Conductors and dielectric
For any practical cable, the performance at all frequencies will improve with increased size, up to the point at which the core (or core to screen) width spacing becomes a significant fraction of the signal wavelength. Inside any screening braid, the ideal dielectric would consist of a vacuum, but practically the need to insulate and accurately space both the inner and outer conductors demands a dielectric material with tough physical and electrical characteristics. Air spacing or gas foaming will improve the electrical characteristics of any solid polymer at the cost of crush resistance, but accurate spacing of the conductors then becomes quite difficult.
For the most demanding applications expanded PTFE is currently the best dielectric, effectively reducing the size of any cable of fixed electrical performance by 20 to 30%, according to a specialist manufacturer of cables using this material, Gore. It is however difficult and hence expensive to produce.
On the conductor side, Gore exploit the 'skin effect' frequency dependent reduction of cable performance, by silver plating a resistive core, thus reducing low frequency performance to flatten the overall frequency response. They call this technology 'Eye-opener+', presumably from the digital electrical signal eye-diagram improvement produced. The value of these new techniques, and the associated cost, is however only worthwhile as very high digital data rates (e.g. video on coax) are approached.
Summing up therefore:
Analogue audio cables ideally require...
Good impedance balance - for noise rejection on balanced circuits. Essentially a question of preserving the physical symmetry of the cable throughout manufacture, installation, and use.
Low capacitance - 150 pF/m for short runs under 30 metres, down to 40pF/m for runs over 300 metres or where ultimate performance is desired (c/f digital cables).
Low resistance - 0.4mm diameter centre conductor for short runs under 30 metres where ruggedness is not an issue, but 0.65mm or more for runs over 300 metres or where ruggedness is essential.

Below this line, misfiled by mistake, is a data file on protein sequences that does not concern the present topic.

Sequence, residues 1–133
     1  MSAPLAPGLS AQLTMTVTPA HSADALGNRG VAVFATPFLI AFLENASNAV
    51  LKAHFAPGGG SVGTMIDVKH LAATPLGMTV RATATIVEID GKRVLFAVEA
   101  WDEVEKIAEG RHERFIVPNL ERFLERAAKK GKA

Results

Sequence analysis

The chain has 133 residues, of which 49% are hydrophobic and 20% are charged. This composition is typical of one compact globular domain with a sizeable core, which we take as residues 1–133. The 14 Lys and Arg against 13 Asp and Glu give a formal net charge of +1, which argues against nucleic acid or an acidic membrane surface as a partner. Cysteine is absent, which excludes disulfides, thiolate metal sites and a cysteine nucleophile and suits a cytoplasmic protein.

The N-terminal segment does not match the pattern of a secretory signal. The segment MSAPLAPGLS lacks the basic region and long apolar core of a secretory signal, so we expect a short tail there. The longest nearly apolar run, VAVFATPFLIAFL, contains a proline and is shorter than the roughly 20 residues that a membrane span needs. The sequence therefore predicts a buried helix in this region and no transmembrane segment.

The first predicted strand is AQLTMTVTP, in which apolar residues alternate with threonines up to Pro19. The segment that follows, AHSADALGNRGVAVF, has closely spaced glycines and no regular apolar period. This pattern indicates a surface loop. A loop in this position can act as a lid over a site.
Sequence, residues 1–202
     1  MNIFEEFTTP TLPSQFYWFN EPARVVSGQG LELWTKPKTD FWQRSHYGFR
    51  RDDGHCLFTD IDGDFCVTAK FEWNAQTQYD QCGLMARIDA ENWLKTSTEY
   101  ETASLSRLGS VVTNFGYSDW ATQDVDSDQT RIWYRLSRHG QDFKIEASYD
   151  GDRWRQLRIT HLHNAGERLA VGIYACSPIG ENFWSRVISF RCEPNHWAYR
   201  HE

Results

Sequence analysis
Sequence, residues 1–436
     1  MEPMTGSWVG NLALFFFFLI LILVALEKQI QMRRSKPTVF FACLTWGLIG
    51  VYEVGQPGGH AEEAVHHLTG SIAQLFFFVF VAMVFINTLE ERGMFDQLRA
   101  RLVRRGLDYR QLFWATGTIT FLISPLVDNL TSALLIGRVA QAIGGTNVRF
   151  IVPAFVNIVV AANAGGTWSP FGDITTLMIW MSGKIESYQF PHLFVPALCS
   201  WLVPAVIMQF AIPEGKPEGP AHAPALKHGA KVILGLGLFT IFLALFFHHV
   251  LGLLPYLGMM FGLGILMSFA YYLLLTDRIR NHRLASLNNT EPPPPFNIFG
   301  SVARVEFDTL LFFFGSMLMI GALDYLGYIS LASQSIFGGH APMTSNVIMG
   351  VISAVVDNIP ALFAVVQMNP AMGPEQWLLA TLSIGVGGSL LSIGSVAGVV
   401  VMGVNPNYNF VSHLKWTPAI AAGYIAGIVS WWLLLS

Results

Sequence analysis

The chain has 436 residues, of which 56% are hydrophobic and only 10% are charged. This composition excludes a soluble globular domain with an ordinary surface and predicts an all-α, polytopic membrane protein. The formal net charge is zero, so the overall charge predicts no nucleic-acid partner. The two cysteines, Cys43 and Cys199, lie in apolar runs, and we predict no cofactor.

Low crosstalk between pairs - Foil shields for RF protection, braid shields for low self-noise and protection 1kHz to 50MHz.
Good Physical performance -
- Flexibility, including good maintenance of electrical performance after much flexing in use.
- Low Self-noise generation. Audio noise can be produced as a side effect of physical deformation of a cable. This physical deformation leads to electrical deformation, particularly in capacitance and balance, hence resulting in signal modification, or conversion of phantom power voltage to audio frequency noise.
Digital cables - best practice requirements
Digital audio cables actually deal with a narrower bandwidth spread (less octaves) of signal frequency signals than for analogue audio. AES/EBU digital audio covers roughly the frequency range from 1.5 to 6MHz at a 48kHz sampling frequency, with a small amount of energy down to 100kHz. Because of the high frequencies, however, we can only treat the cable performance in the same way as analogue up to lengths of 5 metres or so. Cable lengths over 15 metres will start to show different source impedances depending on the length and the frequency presented, unless driven at the physically controlled characteristic impedance of the cable. This is simply the transmission line effect coming into play.
Apart from frequency dependent losses, once any cable length exceeds several wavelengths at the signal frequency, cables have the potential of exhibiting resonances due to small cyclic physical variations, rather than the bulk transmission line reflected signal resonances caused by poor electrical terminations. A digital signal actually consists of an analogue square wave with a truncated harmonic spectrum. The most important harmonics are the third and fifth harmonics of the signal fundamental, and these are the ones that are most vulnerable to distortion caused by cable resonance. Apart from cable construction cyclic variations, another often worse source of resonance can be produced during installation by neat cable tying at regular lengths.